Alvinston Diver Greg Hilliard says being among the first to see a piece of Oil Springs history on the bottom of Georgian Bay is a once in a lifetime experience.
Hilliard, who runs a diving business with his wife, Allisha, was part of a group which went down to explore the Manasso which sunk in 1928 with 22 people on board.
Two of the passengers were from Oil Springs. George Wallace, a cattle rancher who had travelled to Manitoulin Island with his friend, George Lambert. They were looking for low-cost cattle at a time when beef prices were soaring, says Hilliard.
Wallace survived. Lambert’s body – and 14 others – were never recovered. It’s a story Hilliard wasn’t aware of until after the dive was complete and he had a chance to look for the history of the Manasso.
Hilliard’s opportunity to view the newly found wreckage was unusual. Several months before, he had contacted renowned shipwreck hunter Ken Merryman from Minneapolis asking to view one of his wrecks. Merryman turned him down.
But on the Canada Day weekend, Merryman and his partner found not one but two shipwrecks on the bottom of Georgian Bay- a rare feat says Hilliard since looking for shipwrecks is like “mowing a lawn that never ends.”
Merryman wanted to go down to the wreckage of the Manasso and take photos to document what he had found. But his regular photographer, Terry Irvine, wasn’t available right away. That’s when another diver recommend Hilliard.
He gathered his gear and headed to the Bruce Peninsula.
The group went down July 5. Hilliard is only able to talk about the experience now because Merryman has released details about his second find.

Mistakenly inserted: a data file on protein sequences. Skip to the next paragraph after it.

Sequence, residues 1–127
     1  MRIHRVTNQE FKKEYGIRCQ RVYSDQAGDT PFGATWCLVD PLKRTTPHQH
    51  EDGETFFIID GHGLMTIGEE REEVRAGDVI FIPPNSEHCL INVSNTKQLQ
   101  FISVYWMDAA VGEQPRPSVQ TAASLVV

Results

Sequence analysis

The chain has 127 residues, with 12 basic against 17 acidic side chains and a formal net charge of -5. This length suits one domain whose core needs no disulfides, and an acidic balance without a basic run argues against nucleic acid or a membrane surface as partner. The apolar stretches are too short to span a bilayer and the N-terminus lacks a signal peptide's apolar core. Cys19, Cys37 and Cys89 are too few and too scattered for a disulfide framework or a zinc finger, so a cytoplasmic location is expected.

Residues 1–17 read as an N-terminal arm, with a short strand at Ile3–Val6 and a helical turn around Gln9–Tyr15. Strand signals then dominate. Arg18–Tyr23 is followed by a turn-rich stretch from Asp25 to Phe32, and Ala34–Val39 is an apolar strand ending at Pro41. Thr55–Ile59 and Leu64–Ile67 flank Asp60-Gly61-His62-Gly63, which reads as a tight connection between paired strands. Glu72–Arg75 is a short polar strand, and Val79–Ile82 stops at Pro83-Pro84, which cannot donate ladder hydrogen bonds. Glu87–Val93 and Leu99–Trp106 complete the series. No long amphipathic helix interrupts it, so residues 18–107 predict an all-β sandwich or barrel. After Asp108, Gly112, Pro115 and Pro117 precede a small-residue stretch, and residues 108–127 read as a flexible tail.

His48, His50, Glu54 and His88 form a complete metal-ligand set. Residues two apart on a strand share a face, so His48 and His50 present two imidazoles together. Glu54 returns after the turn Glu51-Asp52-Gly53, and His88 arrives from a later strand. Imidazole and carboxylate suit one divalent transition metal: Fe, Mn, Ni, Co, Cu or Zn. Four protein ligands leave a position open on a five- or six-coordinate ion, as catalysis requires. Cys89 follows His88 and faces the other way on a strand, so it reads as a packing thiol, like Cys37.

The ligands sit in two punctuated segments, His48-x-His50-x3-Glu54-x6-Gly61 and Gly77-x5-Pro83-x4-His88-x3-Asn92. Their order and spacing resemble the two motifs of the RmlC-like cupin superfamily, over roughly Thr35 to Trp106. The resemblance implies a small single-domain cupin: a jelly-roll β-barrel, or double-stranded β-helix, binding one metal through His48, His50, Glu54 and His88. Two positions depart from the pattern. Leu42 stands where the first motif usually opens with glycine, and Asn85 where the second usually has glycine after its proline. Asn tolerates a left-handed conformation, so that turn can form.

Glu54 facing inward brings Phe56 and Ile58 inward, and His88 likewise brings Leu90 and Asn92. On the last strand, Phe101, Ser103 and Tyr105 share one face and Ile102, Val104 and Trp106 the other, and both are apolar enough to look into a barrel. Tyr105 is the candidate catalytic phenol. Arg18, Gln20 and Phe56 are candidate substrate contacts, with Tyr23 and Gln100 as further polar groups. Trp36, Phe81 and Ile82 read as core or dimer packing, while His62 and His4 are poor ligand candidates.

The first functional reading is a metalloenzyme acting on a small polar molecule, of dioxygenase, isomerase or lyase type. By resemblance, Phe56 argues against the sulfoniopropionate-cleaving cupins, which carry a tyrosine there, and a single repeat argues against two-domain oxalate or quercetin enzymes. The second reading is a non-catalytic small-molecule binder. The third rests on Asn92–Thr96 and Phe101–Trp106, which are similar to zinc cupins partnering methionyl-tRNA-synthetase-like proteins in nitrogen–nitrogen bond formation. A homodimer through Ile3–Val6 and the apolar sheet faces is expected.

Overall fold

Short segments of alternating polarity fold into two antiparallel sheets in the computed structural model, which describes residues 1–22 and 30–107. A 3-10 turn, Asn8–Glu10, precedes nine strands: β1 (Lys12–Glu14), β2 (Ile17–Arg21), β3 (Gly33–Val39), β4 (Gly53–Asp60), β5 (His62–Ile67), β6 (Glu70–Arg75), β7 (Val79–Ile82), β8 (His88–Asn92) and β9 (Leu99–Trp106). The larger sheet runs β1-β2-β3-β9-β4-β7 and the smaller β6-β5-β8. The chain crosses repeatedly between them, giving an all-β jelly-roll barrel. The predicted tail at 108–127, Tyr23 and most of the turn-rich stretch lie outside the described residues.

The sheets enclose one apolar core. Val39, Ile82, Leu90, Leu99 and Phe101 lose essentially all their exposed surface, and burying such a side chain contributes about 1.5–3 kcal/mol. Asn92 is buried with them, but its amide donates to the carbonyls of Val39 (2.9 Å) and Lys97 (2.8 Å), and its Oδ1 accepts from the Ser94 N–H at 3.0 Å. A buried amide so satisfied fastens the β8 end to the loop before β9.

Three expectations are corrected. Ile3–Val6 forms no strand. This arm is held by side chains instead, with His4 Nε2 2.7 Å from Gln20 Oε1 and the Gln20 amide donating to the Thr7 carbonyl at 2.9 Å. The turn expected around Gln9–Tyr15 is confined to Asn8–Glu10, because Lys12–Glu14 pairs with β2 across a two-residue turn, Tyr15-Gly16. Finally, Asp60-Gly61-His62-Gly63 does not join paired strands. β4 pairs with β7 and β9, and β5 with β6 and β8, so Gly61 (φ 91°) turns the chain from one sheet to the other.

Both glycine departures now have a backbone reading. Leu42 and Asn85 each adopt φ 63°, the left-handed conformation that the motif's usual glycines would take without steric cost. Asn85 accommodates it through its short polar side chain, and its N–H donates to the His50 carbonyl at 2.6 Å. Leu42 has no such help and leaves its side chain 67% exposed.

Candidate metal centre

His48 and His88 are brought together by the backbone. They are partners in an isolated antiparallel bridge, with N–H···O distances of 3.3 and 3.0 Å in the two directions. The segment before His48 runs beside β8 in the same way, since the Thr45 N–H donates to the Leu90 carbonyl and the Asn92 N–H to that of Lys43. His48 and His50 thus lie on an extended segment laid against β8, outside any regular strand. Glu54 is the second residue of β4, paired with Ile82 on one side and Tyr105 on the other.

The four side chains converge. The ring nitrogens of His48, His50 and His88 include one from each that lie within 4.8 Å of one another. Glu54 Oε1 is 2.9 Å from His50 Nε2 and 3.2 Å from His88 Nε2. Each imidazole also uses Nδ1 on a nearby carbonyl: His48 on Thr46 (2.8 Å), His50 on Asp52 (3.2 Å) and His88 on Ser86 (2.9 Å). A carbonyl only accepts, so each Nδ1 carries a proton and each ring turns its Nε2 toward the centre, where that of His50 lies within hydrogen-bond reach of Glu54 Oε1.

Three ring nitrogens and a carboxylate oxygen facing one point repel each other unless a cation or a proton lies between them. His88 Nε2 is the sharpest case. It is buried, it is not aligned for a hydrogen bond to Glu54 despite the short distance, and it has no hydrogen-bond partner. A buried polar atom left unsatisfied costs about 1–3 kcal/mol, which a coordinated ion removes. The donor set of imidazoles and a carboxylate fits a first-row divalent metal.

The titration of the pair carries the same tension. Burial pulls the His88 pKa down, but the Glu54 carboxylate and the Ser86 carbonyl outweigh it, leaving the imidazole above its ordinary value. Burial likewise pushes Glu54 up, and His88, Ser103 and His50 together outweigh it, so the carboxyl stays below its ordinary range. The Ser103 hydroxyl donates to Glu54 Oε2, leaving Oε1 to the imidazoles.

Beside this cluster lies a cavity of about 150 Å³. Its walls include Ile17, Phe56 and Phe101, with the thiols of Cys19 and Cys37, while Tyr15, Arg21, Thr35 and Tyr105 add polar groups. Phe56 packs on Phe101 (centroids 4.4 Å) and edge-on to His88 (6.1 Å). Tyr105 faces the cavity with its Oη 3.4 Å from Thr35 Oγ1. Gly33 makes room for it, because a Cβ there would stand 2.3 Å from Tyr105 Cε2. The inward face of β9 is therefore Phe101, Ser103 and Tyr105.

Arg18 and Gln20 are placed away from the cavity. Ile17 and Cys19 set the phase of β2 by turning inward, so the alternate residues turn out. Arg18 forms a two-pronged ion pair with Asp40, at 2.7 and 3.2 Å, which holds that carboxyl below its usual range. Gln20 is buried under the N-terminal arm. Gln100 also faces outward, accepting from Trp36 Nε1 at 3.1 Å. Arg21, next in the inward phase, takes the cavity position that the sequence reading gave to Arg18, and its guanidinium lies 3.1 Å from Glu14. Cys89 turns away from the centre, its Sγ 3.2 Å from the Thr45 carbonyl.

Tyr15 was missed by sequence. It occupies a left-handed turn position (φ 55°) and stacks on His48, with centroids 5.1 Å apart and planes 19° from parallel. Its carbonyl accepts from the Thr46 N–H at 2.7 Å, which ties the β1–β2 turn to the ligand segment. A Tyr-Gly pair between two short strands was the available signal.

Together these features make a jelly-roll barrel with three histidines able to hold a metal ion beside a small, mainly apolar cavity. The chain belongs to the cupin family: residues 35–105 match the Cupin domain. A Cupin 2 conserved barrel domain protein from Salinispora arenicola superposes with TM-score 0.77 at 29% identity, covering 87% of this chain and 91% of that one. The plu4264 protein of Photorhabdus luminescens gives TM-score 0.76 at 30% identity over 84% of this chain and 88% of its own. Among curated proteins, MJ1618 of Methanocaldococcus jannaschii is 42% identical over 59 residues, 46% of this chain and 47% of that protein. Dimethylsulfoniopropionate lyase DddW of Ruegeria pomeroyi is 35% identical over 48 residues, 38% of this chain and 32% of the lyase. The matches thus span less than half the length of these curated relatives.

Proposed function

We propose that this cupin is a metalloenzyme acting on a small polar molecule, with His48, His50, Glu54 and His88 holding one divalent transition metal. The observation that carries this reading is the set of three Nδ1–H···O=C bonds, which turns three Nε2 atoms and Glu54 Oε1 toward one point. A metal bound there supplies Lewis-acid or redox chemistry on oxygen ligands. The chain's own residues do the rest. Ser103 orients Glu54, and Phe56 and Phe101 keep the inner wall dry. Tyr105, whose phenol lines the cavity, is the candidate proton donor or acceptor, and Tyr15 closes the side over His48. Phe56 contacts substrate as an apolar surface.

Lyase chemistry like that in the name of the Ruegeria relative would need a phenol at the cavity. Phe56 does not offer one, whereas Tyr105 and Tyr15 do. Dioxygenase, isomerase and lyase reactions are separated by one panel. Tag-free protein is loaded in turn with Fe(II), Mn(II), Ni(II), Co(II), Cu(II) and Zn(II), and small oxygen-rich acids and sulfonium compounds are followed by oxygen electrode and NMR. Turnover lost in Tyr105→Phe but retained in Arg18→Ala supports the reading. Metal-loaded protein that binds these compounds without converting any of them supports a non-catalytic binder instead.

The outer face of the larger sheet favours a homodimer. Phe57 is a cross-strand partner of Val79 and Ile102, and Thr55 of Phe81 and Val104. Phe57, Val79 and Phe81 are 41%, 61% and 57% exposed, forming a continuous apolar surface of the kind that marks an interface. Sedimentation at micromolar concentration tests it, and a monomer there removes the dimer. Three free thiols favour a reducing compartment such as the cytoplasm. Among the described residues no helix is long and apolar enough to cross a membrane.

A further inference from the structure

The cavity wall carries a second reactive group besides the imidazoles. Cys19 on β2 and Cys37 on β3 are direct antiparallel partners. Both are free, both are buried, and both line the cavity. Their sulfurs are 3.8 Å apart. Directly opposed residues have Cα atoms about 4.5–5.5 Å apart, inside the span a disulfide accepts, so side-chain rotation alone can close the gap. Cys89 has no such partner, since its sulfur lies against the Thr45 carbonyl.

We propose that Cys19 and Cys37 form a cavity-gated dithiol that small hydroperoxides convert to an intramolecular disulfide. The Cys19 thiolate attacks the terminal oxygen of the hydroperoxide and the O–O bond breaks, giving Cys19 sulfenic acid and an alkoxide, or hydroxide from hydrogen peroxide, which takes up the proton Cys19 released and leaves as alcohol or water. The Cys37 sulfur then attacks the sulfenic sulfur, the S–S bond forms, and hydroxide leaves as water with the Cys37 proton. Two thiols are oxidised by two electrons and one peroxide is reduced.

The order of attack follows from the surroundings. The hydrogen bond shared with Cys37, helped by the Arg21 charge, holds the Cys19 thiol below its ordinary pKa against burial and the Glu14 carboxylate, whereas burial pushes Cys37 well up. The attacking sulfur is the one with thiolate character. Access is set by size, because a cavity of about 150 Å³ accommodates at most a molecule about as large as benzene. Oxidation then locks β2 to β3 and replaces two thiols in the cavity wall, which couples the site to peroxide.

The Alvinston man says diving down to the Manasso was an incredible experience.
“You have visibility but it is somewhat limited – you can’t see the bottom. I get down to I want to say about 110 feet, then one thing comes into focus and then the whole wreck comes into focus. I remember saying to myself ‘This is awesome.’ Being the first person on it…it was pristine, all there, probably one of the most intact wrecks of its type.”
Hilliard added it is a “perfect example of a vessel of this era.” The work boats were used until they were no longer seaworthy, then destroyed for the wood and steel. “There are very, very few of these left.”
The Manasso is a 178-foot long passenger carrier. For its fateful voyage Sept. 15, 1928, the hold had been converted to a makeshift cattle barn, complete with pens to keep the 116 cattle Wallace was bringing home to Oil Springs.
Near the cattle was Wallace’s new Chevrolet Coupe. He and Lambert used it to get to Owen Sound, loaded it on the Manasso and travelled around Manitoulin with it in search of his new flock.
“No trouble was expected as the route was well known and had been traveled by the Manasoo many times before,” wrote the Toronto Telegraph.
“Capt. McKay wasn’t at all concerned when late Friday night a strong west wind whipped up the waters of Georgian Bay into a fury. For a time, the ship rode the storm well,” according to the report.